This is cheap grill top pizza oven I use on a wok burner. It’s just faster that way. I have a small heat shield that keeps flames off the bottom of the oven. It’s not super amazing but it works. a dedicated wood oven is my future I think.
Homemade Pizza
 
I've never tried pizza on the BBQ, our gas oven goes up to 550F reliably and have just used that for pizza.
Our fancy convection oven can do it, but the electronics sit above the oven. We used the self-clean feature once which gets super hot and lost some digits in the display so now we keep it to no higher than 425º. This is our winter solution. It makes a decent pizza, mostly because of quality ingredients and homemade tomato sauce, but the crust is not perfect. This is the recipe we have been using, though we use cornmeal under the pizza to prevent sticking to the stone.

And this is the recipe that my friend used on his grill. They have sourdough starter which we do not have yet.
 
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I've been thinking about trying the method below. The dough/crust is cooked directly on the grill first and then toppings are added and its put back on the grill to finish.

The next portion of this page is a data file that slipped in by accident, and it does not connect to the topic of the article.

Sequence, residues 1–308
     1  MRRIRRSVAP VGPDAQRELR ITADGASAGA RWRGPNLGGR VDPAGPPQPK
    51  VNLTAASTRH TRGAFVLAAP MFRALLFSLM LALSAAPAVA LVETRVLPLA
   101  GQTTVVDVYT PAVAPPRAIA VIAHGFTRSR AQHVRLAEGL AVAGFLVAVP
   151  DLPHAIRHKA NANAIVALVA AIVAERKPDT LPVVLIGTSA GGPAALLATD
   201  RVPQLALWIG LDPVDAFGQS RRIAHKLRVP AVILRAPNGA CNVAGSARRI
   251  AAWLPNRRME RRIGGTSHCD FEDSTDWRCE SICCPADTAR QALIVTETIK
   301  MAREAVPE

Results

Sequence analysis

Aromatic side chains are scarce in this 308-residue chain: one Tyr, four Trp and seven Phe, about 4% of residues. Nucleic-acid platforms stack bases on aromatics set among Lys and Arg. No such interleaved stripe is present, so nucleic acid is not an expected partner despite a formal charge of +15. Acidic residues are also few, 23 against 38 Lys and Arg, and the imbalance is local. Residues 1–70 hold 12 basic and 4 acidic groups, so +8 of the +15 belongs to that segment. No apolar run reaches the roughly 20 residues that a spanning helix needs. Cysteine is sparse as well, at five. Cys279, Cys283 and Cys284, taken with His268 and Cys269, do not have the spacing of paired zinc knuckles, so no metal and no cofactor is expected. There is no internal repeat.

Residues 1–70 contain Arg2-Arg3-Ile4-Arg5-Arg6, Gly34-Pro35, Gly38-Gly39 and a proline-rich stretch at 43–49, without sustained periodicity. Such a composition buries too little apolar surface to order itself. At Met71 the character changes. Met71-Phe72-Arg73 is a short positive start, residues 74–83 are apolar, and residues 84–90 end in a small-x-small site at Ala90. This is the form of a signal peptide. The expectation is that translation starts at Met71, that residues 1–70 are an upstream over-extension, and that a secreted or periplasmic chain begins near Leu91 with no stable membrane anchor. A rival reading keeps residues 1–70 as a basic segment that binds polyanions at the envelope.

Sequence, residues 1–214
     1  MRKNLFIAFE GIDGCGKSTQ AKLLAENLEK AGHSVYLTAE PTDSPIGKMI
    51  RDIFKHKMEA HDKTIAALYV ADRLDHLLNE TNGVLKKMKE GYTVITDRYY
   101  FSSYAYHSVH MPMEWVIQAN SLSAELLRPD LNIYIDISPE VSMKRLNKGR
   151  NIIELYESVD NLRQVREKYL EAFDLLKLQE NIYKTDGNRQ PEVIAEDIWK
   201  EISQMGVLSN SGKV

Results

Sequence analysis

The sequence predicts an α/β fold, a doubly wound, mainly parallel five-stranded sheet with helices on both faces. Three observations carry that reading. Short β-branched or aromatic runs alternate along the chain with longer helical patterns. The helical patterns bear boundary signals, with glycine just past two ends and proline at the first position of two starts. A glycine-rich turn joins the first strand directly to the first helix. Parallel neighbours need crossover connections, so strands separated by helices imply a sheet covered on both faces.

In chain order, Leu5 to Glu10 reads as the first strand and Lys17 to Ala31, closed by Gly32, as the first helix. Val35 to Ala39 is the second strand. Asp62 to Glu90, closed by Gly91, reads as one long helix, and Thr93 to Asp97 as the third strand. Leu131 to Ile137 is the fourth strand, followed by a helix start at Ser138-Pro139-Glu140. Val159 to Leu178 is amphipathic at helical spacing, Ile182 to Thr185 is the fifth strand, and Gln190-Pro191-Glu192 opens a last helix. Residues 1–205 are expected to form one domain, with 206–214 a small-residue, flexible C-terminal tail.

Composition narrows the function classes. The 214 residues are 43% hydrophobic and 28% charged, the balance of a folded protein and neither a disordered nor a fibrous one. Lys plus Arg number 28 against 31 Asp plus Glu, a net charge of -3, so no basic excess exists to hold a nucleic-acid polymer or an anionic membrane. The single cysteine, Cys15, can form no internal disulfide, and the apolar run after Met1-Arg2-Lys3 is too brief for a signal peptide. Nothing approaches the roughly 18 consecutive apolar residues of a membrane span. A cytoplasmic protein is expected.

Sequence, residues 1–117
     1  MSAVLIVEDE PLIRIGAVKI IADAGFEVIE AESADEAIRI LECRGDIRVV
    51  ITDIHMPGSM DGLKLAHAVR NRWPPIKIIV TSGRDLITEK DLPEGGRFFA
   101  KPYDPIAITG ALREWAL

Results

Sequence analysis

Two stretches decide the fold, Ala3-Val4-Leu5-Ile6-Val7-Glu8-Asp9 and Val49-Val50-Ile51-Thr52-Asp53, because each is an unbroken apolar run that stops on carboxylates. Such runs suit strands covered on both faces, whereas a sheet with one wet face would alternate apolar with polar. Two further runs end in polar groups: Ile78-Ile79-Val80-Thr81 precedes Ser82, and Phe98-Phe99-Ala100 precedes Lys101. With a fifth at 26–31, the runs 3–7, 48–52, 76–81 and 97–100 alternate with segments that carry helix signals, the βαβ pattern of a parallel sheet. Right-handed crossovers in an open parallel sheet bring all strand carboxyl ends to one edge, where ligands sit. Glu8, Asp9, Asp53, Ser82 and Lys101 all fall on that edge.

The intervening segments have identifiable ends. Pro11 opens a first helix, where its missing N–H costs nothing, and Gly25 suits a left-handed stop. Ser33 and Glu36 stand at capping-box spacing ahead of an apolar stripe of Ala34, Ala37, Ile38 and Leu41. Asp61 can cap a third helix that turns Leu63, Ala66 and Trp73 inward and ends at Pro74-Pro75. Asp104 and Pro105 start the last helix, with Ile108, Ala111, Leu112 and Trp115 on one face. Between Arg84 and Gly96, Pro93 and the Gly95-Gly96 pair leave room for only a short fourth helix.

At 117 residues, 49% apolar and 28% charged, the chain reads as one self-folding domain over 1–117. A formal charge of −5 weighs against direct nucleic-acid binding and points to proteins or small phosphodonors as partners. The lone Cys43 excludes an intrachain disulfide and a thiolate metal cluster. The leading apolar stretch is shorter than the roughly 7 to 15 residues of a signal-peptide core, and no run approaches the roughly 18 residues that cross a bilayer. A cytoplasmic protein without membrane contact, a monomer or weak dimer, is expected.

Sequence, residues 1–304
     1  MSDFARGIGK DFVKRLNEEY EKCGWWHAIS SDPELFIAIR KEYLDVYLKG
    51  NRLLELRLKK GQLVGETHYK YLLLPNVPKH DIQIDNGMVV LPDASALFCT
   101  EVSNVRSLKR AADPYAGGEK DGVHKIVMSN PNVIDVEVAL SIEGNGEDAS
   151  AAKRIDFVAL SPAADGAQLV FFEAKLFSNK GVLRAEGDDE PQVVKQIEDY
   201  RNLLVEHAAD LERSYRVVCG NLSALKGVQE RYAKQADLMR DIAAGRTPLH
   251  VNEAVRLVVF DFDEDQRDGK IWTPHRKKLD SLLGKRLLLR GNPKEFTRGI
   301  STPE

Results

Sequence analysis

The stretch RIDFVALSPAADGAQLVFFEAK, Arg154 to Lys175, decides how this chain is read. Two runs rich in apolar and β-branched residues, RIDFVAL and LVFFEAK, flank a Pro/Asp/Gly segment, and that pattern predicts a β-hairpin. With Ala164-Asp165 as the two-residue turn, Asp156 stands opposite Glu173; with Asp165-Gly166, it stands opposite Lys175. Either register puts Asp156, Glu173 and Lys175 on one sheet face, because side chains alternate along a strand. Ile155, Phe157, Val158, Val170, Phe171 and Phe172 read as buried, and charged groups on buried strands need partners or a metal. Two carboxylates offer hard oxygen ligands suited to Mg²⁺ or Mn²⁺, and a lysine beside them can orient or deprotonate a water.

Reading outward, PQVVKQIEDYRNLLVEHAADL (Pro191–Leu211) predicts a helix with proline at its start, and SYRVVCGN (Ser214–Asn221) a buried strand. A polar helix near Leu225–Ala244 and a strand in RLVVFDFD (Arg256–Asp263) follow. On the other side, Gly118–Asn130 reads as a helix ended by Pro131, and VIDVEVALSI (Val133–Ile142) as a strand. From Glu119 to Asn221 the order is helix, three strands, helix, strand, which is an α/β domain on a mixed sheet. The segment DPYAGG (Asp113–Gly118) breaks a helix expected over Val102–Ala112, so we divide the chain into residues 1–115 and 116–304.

I was reading about that method for thin crust pizza that was written by an expert.
 
I will second tortilla crust pizzas. I haven't tried them on the grill, but they're so quick to do in a pinch, and I'd rather have them than takeout (and they're much cheaper).
Naan bread works great too if you want a little more bread. But really if you have a bread machine and a by weight dough recipe it’s pretty fast.

my parents have the family‘s antique dough box. I think a 50# flour recipe would be a fun time for everyone. It freezes in balls quite well.

Evan
 
my parents have the family‘s antique dough box. I think a 50# flour recipe would be a fun time for everyone. It freezes in balls quite well.
I just saw one of these for sale locally. They look like they would be good for making bread for a whole community.
 
I just saw one of these for sale locally. They look like they would be good for making bread for a whole community.
So the story goes bread was made weekly for the family. My grandfather was born 1908 and had 3 other siblings. I would like to have seen all the loaf pans they had. They had a farm near Downingtown Pa. they still used horses when he was a boy.

Pizza night in our house is up 1.2kg of flour.
 
Yea those people in those days made it sound so simple and easy to do for they had quite a system of how to do it --making it seem so easy..You go to visit--they say--hey I put a bun on for you..or something like that--I remember as a child or lets have a crawler or something and it appears in what seems like a second... I do like that thin crust pizza one and might try that down the road...they can take that green thing off of it...lol clancey